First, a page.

"The best Wim Wenders documentary to date and an uncommonly self-effacing one, this 1999 concert movie about performance and lifestyle is comparable in some ways to "Latcho Drom," the great Gypsy documentary/musical. In 1996, musician Ry Cooder traveled to Havana to reunite some of the greatest stars of Cuban pop music from the Batista era (who were virtually forgotten after Castro came to power) with the aim of making a record, a highly successful venture that led to concerts in Amsterdam and New York. The players and their stories are as wonderful as the music, and the filmmaking is uncommonly sensitive and alert," wrote film critic Jonathan Rosenbaum.
In this story of a blind flower girl (Virginia Cherrill) and the tramp who makes sacrifices for her (Charlie Chaplin), Chaplin deftly combines comedy with pathos. Despite the movie industry's embrace of talking pictures, Chaplin held on to the pantomime style that defined his screen persona, and the film earned great critical acclaim and box-office profits.Expanded essay by Jeffrey Vance (PDF, 331 KB)Charlie Chaplin and others during filming of "City Lights"
The "collegiate" fad that swept the U.S. during the 1920s testified to popular culture's utter fascination with youth, and Hollywood shrewdly jumped on the bandwagon. The formula was deployed with such regularity that comic Harold Lloyd satirized it to great effect in his enormously popular film, "The Freshman." Lloyd plays the naive collegian who enthusiastically determines to be Big Man on Campus by copying the manners of movie collegians. After donning his letterman sweater, perfecting his "college yell" and rehearsing the ridiculous "jig" that he hopes will be his ticket to popularity, he begins his journey to college. Lamb's arrival at Tate University, billed as a "large football stadium with a college attached," begins a series of comical trials and tribulations that tests his mettle. In addition to providing the perfect showcase for Lloyd's ingenious gags, physical humor and tender pathos, "The Freshman" proved to be one of the most successful films of his career.Expanded essay by Annette D'Agostino Lloyd (PDF, 295KB)
John Ford, a filmmaker since 1914, already had given the movie-going public such classics as "The Iron Horse," "Stagecoach," "My Darling Clementine," "Fort Apache," "She Wore A Yellow Ribbon," and "The Searchers." Ford's last great Western, "The Man Who Shot Liberty Valance," makes explicit everything that was implicit in the genre which Ford himself shaped so heavily. By clearly showing that the conquest of the west meant the triumph of civilization (embodied in Jimmy Stewart) over wild innocence (John Wayne) and evil (Lee Marvin), this elegiac film serves as a film coda for Ford and also meditates on what was lost as progress and statehood marched across the West. The film's concluding aphorism has entered the American lexicon: "When the legend becomes fact, print the legend."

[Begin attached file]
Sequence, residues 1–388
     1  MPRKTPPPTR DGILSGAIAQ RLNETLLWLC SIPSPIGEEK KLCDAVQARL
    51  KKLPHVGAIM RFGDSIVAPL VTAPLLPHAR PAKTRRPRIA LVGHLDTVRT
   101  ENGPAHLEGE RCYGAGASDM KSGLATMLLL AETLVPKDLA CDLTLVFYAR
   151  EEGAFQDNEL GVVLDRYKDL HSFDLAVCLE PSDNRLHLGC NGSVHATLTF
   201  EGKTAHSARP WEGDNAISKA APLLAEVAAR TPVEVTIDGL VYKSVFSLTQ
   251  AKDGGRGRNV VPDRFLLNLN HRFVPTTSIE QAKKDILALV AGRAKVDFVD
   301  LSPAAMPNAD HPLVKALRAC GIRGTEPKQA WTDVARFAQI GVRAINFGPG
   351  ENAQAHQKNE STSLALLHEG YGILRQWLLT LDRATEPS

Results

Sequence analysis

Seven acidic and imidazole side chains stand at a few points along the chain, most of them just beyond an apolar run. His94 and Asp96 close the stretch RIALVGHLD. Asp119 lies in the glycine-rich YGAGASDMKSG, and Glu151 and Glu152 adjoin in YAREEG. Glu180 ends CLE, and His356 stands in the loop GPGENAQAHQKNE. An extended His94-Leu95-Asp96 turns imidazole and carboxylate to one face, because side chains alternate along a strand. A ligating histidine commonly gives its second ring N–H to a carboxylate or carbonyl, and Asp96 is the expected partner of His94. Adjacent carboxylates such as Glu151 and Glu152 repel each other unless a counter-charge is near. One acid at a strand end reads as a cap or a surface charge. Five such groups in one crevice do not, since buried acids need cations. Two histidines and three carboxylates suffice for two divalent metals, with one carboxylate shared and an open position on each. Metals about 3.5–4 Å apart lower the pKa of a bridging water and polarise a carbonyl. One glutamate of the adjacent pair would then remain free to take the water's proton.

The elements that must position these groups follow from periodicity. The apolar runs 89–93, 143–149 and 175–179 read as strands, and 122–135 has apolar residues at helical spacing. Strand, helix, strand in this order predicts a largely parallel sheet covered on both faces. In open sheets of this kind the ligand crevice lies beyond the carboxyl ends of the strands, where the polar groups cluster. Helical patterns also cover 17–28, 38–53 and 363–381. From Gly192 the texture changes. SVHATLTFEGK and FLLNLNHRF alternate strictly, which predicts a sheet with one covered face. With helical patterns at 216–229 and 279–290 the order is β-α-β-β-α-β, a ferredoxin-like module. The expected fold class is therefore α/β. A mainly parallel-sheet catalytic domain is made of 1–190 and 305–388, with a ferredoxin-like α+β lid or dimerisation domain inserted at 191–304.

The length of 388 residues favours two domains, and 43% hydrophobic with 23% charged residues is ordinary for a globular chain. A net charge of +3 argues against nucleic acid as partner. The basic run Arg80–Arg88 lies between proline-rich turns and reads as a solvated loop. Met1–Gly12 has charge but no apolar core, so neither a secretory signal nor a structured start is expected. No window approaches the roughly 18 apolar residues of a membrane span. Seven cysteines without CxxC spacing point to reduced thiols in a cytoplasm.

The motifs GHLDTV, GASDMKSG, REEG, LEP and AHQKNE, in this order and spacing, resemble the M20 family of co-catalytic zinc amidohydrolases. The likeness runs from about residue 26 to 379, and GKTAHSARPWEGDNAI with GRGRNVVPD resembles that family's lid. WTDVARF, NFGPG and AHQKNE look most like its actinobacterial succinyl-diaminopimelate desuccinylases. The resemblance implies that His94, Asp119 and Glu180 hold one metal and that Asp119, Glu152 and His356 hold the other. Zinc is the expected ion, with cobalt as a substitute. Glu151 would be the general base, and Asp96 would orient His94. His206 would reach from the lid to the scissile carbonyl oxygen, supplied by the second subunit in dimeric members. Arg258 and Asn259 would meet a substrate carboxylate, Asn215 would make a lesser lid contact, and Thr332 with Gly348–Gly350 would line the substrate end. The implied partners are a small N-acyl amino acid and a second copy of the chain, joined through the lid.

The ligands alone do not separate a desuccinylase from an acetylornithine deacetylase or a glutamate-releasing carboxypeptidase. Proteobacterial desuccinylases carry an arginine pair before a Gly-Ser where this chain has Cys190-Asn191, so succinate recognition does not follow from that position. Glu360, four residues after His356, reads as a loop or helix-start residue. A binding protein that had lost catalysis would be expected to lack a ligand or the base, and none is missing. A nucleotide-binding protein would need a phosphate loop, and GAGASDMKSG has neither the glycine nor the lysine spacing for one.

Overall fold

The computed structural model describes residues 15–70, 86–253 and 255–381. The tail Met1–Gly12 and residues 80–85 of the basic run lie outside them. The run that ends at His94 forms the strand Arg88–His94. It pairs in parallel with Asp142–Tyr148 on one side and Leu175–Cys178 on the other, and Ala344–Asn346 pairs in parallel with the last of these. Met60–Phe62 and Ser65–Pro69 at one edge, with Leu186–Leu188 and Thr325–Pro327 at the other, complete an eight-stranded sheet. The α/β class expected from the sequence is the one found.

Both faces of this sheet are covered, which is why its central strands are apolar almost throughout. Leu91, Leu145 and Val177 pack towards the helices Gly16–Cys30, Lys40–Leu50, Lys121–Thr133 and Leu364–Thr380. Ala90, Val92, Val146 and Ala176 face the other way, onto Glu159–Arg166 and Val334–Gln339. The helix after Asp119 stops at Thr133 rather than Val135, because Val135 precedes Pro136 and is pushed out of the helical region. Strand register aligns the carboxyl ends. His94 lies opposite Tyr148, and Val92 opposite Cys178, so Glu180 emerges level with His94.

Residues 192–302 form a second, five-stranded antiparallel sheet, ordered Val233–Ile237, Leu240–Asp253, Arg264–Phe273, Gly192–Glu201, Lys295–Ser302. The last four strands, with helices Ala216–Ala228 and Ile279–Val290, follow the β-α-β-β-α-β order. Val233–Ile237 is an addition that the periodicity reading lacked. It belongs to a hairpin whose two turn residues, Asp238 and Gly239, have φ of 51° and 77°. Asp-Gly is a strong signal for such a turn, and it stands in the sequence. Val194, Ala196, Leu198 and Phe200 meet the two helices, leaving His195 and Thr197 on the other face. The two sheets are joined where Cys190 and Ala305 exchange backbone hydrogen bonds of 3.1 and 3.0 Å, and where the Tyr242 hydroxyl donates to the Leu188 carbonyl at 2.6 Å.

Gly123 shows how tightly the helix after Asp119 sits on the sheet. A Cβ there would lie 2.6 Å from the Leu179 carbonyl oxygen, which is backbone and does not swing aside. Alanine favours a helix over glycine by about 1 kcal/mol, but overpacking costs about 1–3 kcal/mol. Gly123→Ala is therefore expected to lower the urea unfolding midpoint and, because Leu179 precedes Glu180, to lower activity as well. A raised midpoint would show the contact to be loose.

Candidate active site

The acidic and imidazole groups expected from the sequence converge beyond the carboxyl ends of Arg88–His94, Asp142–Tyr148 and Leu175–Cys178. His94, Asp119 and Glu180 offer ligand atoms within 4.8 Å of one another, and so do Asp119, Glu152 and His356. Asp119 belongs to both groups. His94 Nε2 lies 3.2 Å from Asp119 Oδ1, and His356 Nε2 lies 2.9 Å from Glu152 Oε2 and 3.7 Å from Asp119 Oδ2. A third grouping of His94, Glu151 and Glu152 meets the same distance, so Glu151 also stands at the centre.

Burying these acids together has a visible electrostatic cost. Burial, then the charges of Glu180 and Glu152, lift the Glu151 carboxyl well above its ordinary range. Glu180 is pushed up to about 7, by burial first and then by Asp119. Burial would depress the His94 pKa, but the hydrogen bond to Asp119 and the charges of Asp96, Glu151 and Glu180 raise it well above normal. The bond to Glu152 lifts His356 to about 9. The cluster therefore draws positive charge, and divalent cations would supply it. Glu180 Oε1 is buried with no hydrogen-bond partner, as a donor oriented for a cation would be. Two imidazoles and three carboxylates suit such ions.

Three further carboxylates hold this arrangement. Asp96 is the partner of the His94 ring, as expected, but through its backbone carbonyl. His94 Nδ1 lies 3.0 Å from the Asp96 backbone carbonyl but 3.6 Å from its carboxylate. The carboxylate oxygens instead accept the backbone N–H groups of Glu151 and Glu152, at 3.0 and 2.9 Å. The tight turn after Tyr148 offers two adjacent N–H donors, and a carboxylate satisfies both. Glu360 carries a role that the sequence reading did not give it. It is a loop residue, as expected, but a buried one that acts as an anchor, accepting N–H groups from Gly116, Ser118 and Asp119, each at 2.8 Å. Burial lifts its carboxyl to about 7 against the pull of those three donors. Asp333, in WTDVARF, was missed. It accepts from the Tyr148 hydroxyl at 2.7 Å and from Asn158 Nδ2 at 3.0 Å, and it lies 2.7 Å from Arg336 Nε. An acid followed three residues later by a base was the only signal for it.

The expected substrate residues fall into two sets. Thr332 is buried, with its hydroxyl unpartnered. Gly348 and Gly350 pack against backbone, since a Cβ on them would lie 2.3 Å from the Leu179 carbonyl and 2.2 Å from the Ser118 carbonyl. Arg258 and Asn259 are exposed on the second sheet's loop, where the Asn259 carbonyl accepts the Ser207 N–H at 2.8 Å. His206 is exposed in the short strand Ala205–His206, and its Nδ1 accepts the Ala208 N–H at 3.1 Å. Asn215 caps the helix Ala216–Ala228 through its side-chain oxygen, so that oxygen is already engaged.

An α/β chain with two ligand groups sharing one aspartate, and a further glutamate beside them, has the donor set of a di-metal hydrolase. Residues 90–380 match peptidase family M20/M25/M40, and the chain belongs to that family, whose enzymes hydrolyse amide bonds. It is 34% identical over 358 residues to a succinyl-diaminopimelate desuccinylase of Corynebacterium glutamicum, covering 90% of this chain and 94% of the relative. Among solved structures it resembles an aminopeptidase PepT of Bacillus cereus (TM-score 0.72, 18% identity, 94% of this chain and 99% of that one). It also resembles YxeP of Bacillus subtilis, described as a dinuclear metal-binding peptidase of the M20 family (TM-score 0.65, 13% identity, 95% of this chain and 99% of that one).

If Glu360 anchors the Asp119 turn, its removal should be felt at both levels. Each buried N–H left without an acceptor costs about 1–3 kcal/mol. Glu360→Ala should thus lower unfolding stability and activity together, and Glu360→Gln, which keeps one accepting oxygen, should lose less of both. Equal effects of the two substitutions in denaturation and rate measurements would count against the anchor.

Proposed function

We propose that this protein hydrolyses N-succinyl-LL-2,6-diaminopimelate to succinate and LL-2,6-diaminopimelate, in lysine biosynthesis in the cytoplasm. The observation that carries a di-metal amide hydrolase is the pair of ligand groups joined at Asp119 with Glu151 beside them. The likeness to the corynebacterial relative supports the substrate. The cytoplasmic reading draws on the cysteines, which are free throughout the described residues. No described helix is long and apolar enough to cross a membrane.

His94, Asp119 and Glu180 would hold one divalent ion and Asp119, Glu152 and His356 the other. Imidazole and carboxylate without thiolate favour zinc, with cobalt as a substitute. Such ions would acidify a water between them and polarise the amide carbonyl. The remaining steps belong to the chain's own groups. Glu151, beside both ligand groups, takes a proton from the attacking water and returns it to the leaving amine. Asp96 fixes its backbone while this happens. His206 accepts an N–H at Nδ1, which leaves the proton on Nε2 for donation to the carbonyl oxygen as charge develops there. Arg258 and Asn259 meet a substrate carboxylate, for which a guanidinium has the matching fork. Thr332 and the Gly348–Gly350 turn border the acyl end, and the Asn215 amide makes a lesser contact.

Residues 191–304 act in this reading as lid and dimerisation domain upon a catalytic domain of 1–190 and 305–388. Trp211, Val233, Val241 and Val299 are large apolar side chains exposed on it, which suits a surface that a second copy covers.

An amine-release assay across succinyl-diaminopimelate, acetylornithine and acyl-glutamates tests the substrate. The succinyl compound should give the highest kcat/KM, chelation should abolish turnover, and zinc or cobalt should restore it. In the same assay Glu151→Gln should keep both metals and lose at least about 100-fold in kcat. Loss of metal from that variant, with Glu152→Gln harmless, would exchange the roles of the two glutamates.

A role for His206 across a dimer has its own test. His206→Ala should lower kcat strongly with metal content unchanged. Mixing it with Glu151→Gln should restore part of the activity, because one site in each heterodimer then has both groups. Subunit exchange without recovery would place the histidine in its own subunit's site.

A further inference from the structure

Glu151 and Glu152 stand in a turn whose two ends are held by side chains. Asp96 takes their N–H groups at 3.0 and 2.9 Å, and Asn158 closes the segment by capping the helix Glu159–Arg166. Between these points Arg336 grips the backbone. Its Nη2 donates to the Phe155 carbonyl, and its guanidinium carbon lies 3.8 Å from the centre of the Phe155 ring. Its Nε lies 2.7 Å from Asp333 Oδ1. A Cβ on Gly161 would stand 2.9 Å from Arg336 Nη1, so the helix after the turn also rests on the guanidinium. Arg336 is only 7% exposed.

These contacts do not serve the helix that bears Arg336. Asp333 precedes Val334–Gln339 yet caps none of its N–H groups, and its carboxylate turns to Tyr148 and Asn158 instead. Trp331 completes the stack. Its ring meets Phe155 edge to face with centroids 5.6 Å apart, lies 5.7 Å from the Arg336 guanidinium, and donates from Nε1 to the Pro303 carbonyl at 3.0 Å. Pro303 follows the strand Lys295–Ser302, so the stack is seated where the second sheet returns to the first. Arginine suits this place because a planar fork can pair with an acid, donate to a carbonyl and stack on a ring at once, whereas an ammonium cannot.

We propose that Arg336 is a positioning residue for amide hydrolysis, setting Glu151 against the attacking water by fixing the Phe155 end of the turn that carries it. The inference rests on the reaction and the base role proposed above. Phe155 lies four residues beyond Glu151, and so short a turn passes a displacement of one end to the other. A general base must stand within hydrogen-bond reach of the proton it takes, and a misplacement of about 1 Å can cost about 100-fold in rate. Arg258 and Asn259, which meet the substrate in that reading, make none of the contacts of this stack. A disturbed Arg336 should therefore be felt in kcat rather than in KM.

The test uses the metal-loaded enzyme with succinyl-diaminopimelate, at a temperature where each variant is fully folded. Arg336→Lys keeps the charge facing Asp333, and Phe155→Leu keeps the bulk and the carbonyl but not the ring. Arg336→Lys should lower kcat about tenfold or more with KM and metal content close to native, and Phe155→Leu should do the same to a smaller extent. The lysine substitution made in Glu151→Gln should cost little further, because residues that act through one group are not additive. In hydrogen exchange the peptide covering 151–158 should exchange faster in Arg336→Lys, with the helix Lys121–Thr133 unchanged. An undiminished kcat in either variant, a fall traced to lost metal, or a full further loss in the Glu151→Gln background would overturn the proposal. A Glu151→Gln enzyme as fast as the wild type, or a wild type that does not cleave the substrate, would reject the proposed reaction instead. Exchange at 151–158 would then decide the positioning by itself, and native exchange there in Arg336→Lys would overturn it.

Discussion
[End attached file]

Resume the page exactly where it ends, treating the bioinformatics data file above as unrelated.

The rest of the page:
The subject of drug addiction has been addressed in Hollywood films many times before, dating all the way back to the silent era (Kevin Brownlow's seminal "Behind the Mask of Innocence" chronicles these amazing early productions). But few dared to be as honest, blunt or graphic as this Otto Preminger treatment, which featured Frank Sinatra and Kim Novak. Sinatra stars as the heroin-addicted hero who, having gotten clean while in prison, now struggles to remain "straight" after release. Oscar-nominated for his work in the film, Sinatra is a raw nerve in his unvarnished portrayal of a "junkie," most memorably in his brutal withdrawal scenes. Along with its still topical subject and powerful storytelling, the film is further enhanced by its eye-popping Saul Bass opening credits sequence and Elmer Bernstein's remarkable jazz score. Critic Dave Kehr has noted that "Otto Preminger's 1955 adaptation of Nelson Algren's novel is something of a crossroads movie, suspended between the swirling expressionism of Preminger's early career and the balanced realism that would later become his forte." The film was preserved by the Academy Film Archive in 2005 with funding from the Film Foundation and the Hollywood Foreign Press Association.
Disdained as "Spaghetti Westerns" when they first appeared in American movie theaters, the best of these films, such as "Once Upon a Time in the West," are now recognized as among the greatest achievements of the Western movie genre. Director Sergio Leone's operatic visual homage to the American Western legend is a chilling tale of vengeance set against the backdrop of the coming of the railroad. Ennio Morricone's magnificent score (especially the elegiac "Jill's Theme") is likewise recognized for its brilliance.Expanded essay by Chelsea Wessels. (PDF, 441KB)
By 1984, Prince was already being hailed by critics and fans as one of the greatest musical geniuses of his generation. This post-modern musical secured his place as a movie star and entertainment legend. Largely autobiographical, "Purple Rain" showcased the late, great showman as a young Minneapolis musician struggling to bring his revolutionary brand of provocative funk rock to the masses. The film's soundtrack includes such decade-defining tracks as "When Doves Cry" and the title song. The film's multi-platinum soundtrack previously was named to the Library of Congress National Recording Registry. 2b1af7f3a8